Calypsonian the Mighty Duke, God bless his soul, once asked, “how many more must die?”

Whilst he was lamenting the social conditions in South Africa, he may have well been lamenting the public health services of Trinidad and Tobago.

The recent tragedy of an Office of the Parliament clerk, 34-year old Sheranne Samuel, is sadly another story of how our loved ones have been hapless victims in a broken and shattered healthcare system.

To think that a fellow citizen who visited our Port-of-Spain General Hospital for what appeared to be a clinical stroke, was then sent on a cross-country escapade to seek a CT Scan at Mt Hope, Sangre Grande and back to St Clair speaks volumes to the mismanagement and gross dereliction of duty of those who lead our nation’s healthcare services.

The 19-hour ordeal of Ms Samuel, as reported in the daily newspapers, for a CT scan, which she eventually got done privately, is unacceptable and someone must be held accountable for this horrific tragedy.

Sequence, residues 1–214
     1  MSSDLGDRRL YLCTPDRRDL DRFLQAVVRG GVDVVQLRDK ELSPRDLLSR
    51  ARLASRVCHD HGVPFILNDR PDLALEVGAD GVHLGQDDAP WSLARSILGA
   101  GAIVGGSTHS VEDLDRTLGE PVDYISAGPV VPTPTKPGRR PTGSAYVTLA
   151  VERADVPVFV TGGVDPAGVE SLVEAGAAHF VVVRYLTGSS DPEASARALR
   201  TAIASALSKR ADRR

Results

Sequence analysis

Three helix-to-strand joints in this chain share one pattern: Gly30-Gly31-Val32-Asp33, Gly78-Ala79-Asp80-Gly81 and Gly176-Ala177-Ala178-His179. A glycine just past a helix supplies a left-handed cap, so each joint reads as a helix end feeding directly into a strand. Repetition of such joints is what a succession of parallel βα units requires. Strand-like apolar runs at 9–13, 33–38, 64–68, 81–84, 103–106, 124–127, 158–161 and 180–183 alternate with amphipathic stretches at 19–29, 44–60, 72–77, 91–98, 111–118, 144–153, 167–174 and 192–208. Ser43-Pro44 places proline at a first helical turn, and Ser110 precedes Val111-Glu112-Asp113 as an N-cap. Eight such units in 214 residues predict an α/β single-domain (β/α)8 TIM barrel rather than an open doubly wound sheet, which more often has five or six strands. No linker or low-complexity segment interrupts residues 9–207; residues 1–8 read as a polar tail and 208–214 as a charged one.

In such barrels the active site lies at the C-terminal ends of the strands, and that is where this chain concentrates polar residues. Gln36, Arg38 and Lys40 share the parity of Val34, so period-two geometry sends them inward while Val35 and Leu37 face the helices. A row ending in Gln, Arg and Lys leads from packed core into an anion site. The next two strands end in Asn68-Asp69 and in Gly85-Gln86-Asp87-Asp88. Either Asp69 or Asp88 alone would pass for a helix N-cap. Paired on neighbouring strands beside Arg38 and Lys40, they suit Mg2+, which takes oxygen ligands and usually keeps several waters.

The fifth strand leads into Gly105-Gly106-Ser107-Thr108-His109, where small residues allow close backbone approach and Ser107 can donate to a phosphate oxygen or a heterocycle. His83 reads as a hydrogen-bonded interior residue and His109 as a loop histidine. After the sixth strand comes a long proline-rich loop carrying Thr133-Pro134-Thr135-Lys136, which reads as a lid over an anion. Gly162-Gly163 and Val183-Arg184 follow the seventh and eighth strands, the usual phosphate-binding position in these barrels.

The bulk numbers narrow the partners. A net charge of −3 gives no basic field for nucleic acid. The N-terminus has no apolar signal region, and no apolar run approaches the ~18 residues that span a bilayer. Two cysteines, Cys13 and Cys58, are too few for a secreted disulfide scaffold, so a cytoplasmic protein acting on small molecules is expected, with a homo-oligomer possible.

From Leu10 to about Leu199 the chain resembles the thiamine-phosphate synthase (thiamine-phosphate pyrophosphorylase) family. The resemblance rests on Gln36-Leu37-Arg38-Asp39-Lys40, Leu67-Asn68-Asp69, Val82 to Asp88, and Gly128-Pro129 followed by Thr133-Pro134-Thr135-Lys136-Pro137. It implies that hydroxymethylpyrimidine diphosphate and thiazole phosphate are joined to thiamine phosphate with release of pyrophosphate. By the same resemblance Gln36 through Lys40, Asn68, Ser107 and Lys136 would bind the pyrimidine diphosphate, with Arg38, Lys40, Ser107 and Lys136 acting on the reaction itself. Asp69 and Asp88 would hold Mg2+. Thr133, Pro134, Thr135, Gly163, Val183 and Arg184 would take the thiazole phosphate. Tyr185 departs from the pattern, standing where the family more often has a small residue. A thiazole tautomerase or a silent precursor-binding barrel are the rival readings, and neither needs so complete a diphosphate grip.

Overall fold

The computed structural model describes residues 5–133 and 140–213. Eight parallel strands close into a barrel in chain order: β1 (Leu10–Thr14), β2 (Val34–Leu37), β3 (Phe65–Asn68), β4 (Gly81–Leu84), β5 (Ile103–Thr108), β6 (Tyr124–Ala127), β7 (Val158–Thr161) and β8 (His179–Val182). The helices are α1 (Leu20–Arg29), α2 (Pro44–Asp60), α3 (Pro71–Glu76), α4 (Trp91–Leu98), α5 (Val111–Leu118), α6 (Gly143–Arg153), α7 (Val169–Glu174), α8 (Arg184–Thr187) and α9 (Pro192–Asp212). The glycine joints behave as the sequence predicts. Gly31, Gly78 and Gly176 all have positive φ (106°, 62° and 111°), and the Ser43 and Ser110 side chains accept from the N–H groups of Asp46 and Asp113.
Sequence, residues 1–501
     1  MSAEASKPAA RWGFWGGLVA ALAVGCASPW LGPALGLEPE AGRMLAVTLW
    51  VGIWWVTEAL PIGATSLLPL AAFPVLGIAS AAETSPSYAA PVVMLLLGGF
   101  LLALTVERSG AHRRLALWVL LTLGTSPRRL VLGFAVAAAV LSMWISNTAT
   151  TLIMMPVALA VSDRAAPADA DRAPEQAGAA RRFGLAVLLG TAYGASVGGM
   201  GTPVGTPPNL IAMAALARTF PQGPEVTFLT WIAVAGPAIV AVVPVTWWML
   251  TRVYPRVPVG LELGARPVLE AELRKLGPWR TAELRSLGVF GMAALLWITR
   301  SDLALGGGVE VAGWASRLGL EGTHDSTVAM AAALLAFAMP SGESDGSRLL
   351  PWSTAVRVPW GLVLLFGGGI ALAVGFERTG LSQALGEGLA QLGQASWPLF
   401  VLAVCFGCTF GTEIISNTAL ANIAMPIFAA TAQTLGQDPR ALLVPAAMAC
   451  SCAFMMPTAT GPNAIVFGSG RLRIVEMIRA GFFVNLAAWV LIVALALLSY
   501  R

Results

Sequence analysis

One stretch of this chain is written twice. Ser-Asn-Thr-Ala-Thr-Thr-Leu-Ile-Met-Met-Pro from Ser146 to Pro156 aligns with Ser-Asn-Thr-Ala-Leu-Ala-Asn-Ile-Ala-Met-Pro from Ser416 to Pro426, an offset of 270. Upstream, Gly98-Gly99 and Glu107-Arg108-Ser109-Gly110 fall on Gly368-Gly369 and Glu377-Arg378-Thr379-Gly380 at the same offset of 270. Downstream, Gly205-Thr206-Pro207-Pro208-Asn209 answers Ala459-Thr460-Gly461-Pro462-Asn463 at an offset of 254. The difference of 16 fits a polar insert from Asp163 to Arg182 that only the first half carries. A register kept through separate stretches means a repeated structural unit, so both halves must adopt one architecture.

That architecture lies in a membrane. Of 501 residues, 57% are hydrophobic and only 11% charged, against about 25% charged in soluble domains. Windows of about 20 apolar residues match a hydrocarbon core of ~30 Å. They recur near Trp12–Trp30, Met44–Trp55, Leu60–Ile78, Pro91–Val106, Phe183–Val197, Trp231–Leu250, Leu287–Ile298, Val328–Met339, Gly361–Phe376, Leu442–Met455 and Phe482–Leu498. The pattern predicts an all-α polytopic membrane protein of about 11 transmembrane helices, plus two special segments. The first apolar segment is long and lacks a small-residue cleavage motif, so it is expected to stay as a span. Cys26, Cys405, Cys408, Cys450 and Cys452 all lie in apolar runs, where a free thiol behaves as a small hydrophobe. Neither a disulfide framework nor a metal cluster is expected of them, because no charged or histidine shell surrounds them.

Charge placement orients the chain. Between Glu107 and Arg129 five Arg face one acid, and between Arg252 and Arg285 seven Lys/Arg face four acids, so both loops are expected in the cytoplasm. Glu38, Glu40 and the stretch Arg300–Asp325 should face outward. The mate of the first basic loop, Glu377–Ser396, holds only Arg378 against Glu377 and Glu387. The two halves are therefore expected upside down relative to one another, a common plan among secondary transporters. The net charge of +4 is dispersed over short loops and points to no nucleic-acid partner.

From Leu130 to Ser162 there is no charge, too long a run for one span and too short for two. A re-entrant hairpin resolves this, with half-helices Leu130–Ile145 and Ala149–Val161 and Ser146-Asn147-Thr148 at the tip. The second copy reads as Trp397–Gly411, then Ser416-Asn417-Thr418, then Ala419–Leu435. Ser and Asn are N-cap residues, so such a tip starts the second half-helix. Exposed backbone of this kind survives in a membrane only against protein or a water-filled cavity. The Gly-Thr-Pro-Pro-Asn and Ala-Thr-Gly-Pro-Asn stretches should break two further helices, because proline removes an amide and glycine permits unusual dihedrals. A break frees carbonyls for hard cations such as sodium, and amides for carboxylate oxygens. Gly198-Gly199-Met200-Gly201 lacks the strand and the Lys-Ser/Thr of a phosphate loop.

Earlier this year, I made a similar call for the CT scan machine at the San Fernando General Hospital (SFGH) to be fixed after my friend’s mother, 64-year- old Hasiena Ali had to leave the hospita; to go privately for a CT scan.

At that time, in March, the SWRHA had claimed they were awaiting parts from abroad. She subsequently died due to this delay in diagnosis.

Another death at the SFGH was 62-year old Pooran Doodal. His family publicly claimed he waited for four days on a chair at the Accident and Emergency Department before being admitted to the ward.

This matter was subsequently reviewed by the SWRHA but no public conclusions were made.

Facebook posts on a regular basis highlight major deficiencies in the public health hospitals and health centres.

In my research, there are many deaths due to negligence at our public health facilities yet leading public officials make bold assertions that we have the best healthcare in the world.

Patients are continuously being asked to bring their own bedsheets, pillows and toilet paper, pay for medication, and pay externally for blood tests and scans, while having the harrowing experience of long waiting times at A&E and delays in treatment.

The Government may not always have the trained personnel or resources at their disposal to fix the key issues plaguing the health system.

Therefore, at this time, I will offer, together with an experienced team of professionals, our assistance, free of charge, to the Ministry of Health, to make recommendations to strengthen our ailing healthcare services.

I do hope that as we confront the challenges of the COVID-19 pandemic, we also confront the human suffering at our doorsteps in our health services so that we may ease the cries of “how many more must die.”